- Posted May 7, 2014 by
Los Angeles, California
This iReport is part of an assignment:
Going public with mental illness
I'm BATSHITCRAZY. What's your excuse? (PG Version)
(Published in the The Big Smoke)
I love reality TV.
I really do.
I adore the ratchetness that has become a staple of American television.
Ratchet (n.): a situation or process that is perceived to be deteriorating or changing steadily in a series of irreversible steps. Or in simpler terms: A HOT ASS MESS
My personal favorites are Love and Hip Hop (think the Superbowl of ratchetness – last season one guy married his mistress while living with his partner of 13 years. #tooratchetevenfortv), the Real Housewivees franchise (their faces may be frozen but their fists work just fine) and Married to Medicine (furs and fighting – what’s not to love?).
But these women are not bipolar.
Not even close.
And I’m pretty sure if you asked any of these women to define the medical term “bipolar” their response would be one of:
1. What do you mean by medical? (I said these women were ratchet – I never said these ladies were smart)
2. That crazy woman over there. So let me take a moment to edumacate you on a few things in the hope that you will think twice before you call the next person who pisses you off bipolar and/or so that you can tell the next person who calls you bipolar that you may be crazy but your shiz ain’t certifiable. #checkyourfacts
edumacate (v.): to educate. Don’t look at me like that – I know its ratchet. that’s why I love it.
According to the National Institutes of Mental Health (you know that if I quoted Wikipedia you’d be giving me some side-eyed shade right now. You would be thinking, “Is this heifer really trying to educate me using Wikipedia? Triflin’.”), bipolar disorder, also known as manic-depressive illness, is a brain disorder that causes unusual shifts in mood, energy, activity levels and the ability to carry out day-to-day tasks.
Now, this is the part where these ladies stop reading and we run into problems.
I may love ratchet but I HATE stupid.
So please, keep reading.
Symptoms of bipolar disorder are severe.
(And no, switching from friends to “frenemy” does not count. She’s not crazy – she just doesn’t like you.)
They are different from the normal ups and downs that everyone goes through from time to time.
For those of you who need a tangible example because this psychobabble is just not making any sense, let me take you back to the spring of 2008. I went through a bout of depression that was so intense that I did not maintain normal hygiene for weeks (I smelled like ass. Literally.) I cut myself off from the entire world (can you even imagine a day without you mobile phone, email, Instagram? – try a few weeks) and I would have chosen starvation over leaving my dorm to get food (no, I did not lose a shit tonne of weight – it’s called food delivery). It reached a point that my college boyfriend tried to use bribery to get me out of my dorm for just 10 minutes a day (the sex was good, but not that good), my parents threatened to fly out and kidnap me (officially my worst nightmare) and my friends thought I had joined a cult (a hippie, sex-loving cult, but still a cult).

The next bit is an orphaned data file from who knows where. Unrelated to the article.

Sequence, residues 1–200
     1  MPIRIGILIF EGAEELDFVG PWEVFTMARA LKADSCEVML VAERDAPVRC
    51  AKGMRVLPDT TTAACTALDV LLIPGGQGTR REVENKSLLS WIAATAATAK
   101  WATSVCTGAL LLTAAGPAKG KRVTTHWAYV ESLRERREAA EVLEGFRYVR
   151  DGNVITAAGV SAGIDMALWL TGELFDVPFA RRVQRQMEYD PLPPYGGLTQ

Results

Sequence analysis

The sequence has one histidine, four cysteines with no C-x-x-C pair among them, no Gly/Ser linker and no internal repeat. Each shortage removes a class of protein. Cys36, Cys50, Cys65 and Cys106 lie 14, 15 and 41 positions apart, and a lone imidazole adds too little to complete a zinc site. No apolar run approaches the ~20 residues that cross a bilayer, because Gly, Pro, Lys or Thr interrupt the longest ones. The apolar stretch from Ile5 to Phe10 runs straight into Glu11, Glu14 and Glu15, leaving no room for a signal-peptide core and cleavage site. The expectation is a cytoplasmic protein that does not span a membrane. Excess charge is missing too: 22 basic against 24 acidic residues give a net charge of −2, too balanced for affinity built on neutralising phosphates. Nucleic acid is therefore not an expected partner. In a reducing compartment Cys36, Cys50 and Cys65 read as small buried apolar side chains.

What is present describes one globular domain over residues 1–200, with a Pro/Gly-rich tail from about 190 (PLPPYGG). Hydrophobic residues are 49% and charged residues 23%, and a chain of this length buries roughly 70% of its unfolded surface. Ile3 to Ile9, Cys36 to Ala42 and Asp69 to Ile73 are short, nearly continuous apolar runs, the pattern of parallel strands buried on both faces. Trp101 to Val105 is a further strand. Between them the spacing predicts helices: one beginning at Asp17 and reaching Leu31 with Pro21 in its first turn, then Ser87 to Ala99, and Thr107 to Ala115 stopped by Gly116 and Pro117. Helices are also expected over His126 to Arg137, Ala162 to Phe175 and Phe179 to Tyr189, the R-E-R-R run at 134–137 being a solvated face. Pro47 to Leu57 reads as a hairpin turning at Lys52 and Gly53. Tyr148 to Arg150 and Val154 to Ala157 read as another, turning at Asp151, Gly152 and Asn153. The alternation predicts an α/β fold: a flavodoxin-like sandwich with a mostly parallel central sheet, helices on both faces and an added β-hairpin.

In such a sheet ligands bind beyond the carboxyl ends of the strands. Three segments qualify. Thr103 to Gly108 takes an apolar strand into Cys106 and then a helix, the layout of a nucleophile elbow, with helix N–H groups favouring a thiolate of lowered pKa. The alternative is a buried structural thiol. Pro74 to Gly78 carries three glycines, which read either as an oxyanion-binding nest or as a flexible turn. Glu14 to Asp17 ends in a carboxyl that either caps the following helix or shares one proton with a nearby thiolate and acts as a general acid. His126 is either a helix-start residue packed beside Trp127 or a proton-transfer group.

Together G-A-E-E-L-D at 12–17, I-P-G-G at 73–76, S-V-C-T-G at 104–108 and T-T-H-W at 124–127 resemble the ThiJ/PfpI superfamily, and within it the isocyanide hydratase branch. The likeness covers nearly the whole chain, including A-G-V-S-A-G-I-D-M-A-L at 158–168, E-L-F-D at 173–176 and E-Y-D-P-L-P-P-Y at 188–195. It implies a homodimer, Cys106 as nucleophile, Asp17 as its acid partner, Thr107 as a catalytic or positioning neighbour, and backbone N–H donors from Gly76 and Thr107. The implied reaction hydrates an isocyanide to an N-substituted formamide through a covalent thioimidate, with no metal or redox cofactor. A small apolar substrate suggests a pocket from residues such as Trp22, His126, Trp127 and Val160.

So the next time you even think about calling anyone bipolar, just remember…
1. No one wants to be bipolar – NO ONE. It is a daily struggle trying to find balance, some sense of normalcy in the chaos that inhibits your mind 24/7. Medication helps but it doesn’t take away the crazy – it just helps you manage it better.
2. If someone had cancer would you use it as an insult? No, I don’t think so. Yelling “Bitch, you’ve got cancer. You need to be medicated” wouldn’t win you any brownie points. Social media would crucify your derriere faster than you can come up with some bullshit excuse for you behaviour. Google Search: Brandi Glanville + black + swim. I rest my case.
3. Men can also be bipolar (No, this is not why your boyfriend breaks up with you every other week – he’s just an asshole.)
4.The more you use the term bipolar in a derogatory manner, the more people feel forced to stay “in the closet.” And not everyone has a walk-in closet like LisaVanderpump of RHOBH.
So, the next time anyone calls you bipolar, ask her, “Which type do I have – Bipolar I, Bipolar II or Bipolar NOS? Which meds should I be on? Lithium, Abilify, Seroquel? With or without an SSRI?”
And if you don’t know what any these terms mean, then neither one of you should be using the term bipolar. PERIOD.
So why am I allowed to use these terms?
Because I’m BATSHITCRAZY.
What’s your excuse?
P.S. Normally I don’t cuss this much but I’m channelling my inner ratchet persona – it takes one to talk to one.se and abuse of the term “bipolar”.